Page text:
“The question ‘If you are not coercing your child, what do you do instead of coercion?’ is like a coercively controlling husband asking: ‘If you are not coercing your wife, what do you do instead of coercion?’ A paternalistic husband who controls his wife out of the best of intentions because he honestly believes that it is for her own good, could ask the same question.”
– Sarah Fitz-Claridge
“If you are not coercing your child, what do you do instead of coercion?”
I must admit that I do not recall anyone ever asking me this question, but Vivek Patel said he gets this question a lot, so my answer follows. If this is a question in your mind, and my answer does not address your question, please feel very free to comment/clarify your concern/post a follow-up question. It may be that I have not understood the question.
This question is like a coercively controlling husband asking: “If you are not coercing your wife, what do you do instead of coercion?”
A paternalistic husband who controls his wife out of the best of intentions because he honestly believes that it is for her own good, could ask the same question.
Whatever answer you would give a husband asking the question about his wife, applies in the case of children too. What do you do instead of coercion in any good relationship?
The question seems shocking or strange if it is about an adult, because when we are taking another adult seriously we are not going around wondering about coercion, we are simply solving problems together in ways we both prefer. The only reason the question might not seem similarly shocking when asked about children is that children are still viewed through the lens of paternalism. We are still thinking, ‘But children are children! They need to be controlled (in a benevolent fatherly way) for their own good.’ Just like in the past, well-meaning men honestly felt that way about women. It is a circular argument.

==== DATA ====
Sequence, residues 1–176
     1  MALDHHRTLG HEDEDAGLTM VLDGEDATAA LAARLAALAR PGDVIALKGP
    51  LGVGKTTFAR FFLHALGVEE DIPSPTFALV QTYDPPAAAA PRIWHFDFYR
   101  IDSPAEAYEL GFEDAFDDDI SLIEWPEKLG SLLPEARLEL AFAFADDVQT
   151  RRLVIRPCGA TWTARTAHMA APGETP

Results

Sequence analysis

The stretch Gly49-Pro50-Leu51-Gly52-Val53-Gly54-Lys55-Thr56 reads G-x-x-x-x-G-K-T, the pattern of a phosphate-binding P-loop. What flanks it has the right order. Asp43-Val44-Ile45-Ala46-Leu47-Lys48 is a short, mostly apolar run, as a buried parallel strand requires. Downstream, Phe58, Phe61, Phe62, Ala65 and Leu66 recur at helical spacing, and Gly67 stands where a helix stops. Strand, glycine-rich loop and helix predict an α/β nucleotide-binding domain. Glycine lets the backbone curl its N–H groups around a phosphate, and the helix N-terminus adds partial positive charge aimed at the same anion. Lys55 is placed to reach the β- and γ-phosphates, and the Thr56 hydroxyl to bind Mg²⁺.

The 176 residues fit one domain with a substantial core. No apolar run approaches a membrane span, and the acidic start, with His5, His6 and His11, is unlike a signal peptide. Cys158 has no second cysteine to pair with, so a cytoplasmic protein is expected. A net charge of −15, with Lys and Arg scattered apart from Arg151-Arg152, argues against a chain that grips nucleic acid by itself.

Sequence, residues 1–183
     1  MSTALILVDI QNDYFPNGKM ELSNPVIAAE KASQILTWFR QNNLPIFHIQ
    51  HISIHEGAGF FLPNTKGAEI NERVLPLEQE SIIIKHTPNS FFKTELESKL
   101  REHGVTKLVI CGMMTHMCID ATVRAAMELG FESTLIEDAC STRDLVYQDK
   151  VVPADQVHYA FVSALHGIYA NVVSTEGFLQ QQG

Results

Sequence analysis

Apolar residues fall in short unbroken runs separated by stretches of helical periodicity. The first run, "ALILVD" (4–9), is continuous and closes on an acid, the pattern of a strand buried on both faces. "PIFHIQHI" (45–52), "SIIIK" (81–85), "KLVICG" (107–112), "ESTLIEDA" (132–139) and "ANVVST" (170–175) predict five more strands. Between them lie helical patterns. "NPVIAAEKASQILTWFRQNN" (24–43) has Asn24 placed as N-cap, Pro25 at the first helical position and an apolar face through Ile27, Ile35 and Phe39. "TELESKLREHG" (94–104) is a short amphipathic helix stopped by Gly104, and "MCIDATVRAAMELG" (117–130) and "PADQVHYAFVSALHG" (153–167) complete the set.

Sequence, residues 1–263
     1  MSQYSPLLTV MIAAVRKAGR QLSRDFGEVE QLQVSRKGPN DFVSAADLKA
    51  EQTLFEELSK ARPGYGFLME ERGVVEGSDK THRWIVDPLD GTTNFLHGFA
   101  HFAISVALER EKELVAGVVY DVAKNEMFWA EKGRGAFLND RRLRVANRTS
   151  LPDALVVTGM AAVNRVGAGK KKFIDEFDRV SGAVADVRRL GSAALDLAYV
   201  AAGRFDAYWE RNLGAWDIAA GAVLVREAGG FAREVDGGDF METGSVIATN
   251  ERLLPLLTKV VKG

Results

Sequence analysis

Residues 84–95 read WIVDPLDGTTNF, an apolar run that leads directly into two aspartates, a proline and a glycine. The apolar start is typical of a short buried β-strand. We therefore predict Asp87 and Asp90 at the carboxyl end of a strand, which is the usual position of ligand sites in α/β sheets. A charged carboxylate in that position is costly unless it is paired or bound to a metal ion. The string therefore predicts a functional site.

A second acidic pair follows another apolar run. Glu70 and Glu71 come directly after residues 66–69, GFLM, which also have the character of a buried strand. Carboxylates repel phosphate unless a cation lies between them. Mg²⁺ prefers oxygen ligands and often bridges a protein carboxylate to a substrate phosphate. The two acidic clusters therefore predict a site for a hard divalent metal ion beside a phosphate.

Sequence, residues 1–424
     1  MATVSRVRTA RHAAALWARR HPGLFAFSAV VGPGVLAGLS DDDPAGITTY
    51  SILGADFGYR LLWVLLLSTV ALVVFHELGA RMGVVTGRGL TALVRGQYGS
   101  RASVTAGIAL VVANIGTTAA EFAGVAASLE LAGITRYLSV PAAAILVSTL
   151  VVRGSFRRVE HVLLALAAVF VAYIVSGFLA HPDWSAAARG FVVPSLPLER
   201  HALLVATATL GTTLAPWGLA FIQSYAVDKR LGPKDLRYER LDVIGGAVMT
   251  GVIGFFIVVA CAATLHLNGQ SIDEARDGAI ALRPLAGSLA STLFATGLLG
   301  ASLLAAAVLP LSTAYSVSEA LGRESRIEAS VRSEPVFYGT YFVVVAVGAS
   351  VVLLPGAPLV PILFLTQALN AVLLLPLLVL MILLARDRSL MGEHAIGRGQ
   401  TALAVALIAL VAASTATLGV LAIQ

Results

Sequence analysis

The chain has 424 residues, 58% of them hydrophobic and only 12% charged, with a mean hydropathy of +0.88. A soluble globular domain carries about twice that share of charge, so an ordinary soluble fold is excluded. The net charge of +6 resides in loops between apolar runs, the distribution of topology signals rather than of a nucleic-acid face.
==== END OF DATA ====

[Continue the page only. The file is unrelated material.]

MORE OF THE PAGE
Taking Children Seriously is a new view of children—a non-paternalistic view. You might like to watch this video about that.
My guess is that those asking this question are viewing children through the lens of paternalism, so they are imagining that children need to be coerced for their own good, and that in the absence of that coercion, disaster will ensue. But actually, children do not need to be controlled, any more than women do. What they need is lots of love, connection, support, protection, intellectual engagement, emotional attunement, attention, enjoyable conversation, information, fun, play, discovery, and lots of access to the world. Not coercion. Not manipulation. They are sovereign individuals. Their lives are their own.
So what do parents taking their children seriously do instead of coercion, control, manipulation? They enjoy life with their beloved children—just like we do in any good relationship.
- Is coercion always wrong?
- Clarifying Karl Popper’s epistemology
- Friendly criticisms of Kiss Me, by Carlos González
Sarah Fitz-Claridge, 2022, Taking Children Seriously FAQ: ‘If you are not coercing your child, what do you do instead of coercion?’, https://takingchildrenseriously.com/if-you-are-not-coercing-your-child-what-do-you-do-instead-of-coercion/